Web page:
Faust (Parts 1 and 2) | Study Guide


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Course Hero, "Faust (Parts 1 and 2) Study Guide," July 20, 2017, accessed August 15, 2022, https://www.coursehero.com/lit/Faust-Parts-1-and-2/.

Faust (Parts 1 and 2) | Symbols


Places of Scholarship

Both Faust's study and Wagner's laboratory are places full of books and lab equipment. They symbolize the scholarship that Faust leaves behind and Wagner clings to. They may contain the trappings of learning, but they are devoid of experience. Consequently, they are both prisons for the men who inhabit them. In Part 1, Scene 1, Faust says this of his study, "Am I still stuck here in this dismal prison?/... Call this a world?" It is not until he leaves his study and goes out into the world that he will begin to move toward wisdom and fulfillment.


Nature in Faust is in strong contrast to the stuffy and dimly lit prison of Faust's study or Wagner's lab. Nature is sun-drenched meadows, rugged mountains, and rolling seas. From the beginning, nature represents freedom and redemption. In Part 1, Scene 2, Faust tells Wagner being out in nature "is the people's true heaven ... Here I am human, here I can be free!" He finds the same affirmation in Part 1, Scene 14. Interestingly, Mephistopheles never approves of Faust's love of nature. Here he calls it "mooning about," and later, in Part 2, Act 4, Scene 1, he plays down the beauty of the mountains, preferring talk about how they were once "Hell's old floor" and were thrown up by geological forces. But in the final scene in the play, Faust's soul is once more returned to the natural beauty of the mountains. Nature is the setting in which spiritual humans (the hermits) and penitent souls prepare for Heaven.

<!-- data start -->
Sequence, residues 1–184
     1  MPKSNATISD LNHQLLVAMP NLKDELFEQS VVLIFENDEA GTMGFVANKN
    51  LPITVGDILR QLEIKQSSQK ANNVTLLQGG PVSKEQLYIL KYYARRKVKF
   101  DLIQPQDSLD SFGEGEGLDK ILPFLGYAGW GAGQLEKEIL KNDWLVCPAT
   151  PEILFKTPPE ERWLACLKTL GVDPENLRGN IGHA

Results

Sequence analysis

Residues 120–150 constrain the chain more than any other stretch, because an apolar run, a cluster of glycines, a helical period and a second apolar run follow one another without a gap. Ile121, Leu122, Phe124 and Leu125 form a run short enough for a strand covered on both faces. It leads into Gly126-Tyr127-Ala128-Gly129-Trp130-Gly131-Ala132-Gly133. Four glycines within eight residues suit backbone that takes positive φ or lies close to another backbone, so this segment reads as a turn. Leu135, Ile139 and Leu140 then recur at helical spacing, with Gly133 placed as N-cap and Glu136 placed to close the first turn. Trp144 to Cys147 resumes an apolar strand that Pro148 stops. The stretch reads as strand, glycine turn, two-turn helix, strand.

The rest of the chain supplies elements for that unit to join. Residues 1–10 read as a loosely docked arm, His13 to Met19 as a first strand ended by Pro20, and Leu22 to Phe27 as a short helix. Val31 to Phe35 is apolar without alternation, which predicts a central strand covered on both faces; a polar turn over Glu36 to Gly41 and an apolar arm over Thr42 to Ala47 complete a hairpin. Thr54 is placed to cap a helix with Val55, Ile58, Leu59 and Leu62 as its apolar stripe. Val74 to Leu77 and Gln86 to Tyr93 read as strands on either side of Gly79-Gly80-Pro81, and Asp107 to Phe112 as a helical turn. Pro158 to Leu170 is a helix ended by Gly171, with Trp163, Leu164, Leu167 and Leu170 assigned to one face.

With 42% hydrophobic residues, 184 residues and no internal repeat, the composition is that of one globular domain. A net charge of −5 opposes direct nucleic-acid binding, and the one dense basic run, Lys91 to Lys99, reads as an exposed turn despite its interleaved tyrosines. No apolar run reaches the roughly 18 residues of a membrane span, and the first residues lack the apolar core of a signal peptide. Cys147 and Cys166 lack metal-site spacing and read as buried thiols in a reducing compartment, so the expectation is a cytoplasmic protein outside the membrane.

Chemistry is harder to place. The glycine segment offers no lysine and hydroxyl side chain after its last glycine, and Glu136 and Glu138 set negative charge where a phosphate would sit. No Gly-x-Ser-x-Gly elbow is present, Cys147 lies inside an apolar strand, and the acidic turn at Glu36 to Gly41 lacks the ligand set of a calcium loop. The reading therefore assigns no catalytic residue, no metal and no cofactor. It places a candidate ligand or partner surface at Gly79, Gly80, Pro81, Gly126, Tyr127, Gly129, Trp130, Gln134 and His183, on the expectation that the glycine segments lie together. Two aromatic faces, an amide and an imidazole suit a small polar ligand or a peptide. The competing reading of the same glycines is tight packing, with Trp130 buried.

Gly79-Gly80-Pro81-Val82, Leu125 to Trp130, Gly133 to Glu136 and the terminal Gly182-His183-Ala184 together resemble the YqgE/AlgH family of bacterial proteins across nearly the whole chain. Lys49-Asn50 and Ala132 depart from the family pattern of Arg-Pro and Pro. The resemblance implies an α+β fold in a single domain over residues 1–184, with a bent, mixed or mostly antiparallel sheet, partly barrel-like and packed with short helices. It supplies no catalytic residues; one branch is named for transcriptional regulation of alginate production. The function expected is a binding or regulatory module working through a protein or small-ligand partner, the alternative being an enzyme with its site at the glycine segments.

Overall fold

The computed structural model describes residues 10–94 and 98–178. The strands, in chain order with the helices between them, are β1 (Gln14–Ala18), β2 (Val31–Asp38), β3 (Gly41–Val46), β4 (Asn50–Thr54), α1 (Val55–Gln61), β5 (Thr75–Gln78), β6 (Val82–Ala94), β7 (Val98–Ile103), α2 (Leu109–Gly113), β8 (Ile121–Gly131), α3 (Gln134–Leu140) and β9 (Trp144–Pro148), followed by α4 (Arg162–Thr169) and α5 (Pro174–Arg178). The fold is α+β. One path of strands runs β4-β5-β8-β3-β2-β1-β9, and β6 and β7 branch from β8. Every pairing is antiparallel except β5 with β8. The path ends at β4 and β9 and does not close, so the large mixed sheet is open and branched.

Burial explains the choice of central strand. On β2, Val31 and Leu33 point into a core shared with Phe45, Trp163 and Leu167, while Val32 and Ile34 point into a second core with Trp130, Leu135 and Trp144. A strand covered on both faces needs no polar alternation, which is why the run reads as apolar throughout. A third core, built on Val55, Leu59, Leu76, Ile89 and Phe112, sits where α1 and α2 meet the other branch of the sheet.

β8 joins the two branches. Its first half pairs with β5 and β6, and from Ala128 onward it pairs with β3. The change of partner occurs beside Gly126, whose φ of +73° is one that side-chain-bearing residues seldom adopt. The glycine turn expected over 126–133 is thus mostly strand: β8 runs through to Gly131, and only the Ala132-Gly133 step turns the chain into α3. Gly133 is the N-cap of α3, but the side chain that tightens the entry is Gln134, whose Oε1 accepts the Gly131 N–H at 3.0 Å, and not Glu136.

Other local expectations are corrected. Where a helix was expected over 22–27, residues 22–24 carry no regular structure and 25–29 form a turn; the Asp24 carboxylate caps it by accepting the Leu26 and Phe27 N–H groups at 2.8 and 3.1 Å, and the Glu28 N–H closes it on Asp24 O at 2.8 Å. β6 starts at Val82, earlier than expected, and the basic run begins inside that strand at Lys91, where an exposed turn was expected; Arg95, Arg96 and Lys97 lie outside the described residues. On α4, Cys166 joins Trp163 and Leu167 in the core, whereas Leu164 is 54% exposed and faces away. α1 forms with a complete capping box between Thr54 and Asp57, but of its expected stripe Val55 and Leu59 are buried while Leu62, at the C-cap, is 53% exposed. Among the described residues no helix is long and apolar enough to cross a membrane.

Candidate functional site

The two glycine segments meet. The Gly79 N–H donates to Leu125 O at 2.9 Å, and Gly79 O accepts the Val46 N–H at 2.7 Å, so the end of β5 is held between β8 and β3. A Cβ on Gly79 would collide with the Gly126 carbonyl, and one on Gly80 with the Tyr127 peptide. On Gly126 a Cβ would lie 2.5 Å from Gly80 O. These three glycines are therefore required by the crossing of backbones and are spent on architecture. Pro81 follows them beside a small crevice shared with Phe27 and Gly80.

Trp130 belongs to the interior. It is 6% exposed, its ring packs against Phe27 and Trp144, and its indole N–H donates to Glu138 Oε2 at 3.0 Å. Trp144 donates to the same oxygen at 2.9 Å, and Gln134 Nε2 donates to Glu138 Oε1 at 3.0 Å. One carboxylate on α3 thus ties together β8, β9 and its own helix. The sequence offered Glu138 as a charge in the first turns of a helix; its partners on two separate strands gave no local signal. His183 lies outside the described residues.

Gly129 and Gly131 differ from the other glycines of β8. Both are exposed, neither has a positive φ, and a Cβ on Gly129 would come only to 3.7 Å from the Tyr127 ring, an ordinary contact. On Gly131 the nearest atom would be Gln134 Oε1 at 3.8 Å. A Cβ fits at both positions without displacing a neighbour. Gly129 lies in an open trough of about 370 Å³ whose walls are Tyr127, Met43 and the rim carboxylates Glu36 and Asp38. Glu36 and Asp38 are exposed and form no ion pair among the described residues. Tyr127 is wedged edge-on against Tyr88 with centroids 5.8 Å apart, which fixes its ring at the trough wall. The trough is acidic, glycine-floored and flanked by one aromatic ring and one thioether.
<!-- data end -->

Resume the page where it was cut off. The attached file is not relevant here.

Again and again in Faust, it is women who shrink back from Mephistopheles. Gretchen always feels uneasy around him and finally, in Part 1, Scene 25, recognizes that he would steal her soul if she let him. Helen, too, senses something wrong in a disguised Mephistopheles. And Baucis feels there is something wrong with Faust's reclamation project, that it is tainted with evil, although she doesn't pinpoint Mephistopheles's role in it. In the final scene, it is Gretchen who will show Faust the way to Heaven, and it is the Mater Gloriosa—the Virgin Mary—who tells her how to do it. Women are symbols of the good, the divine, and this is reinforced in the last two lines of the play: "Woman eternally/Shows us the road."

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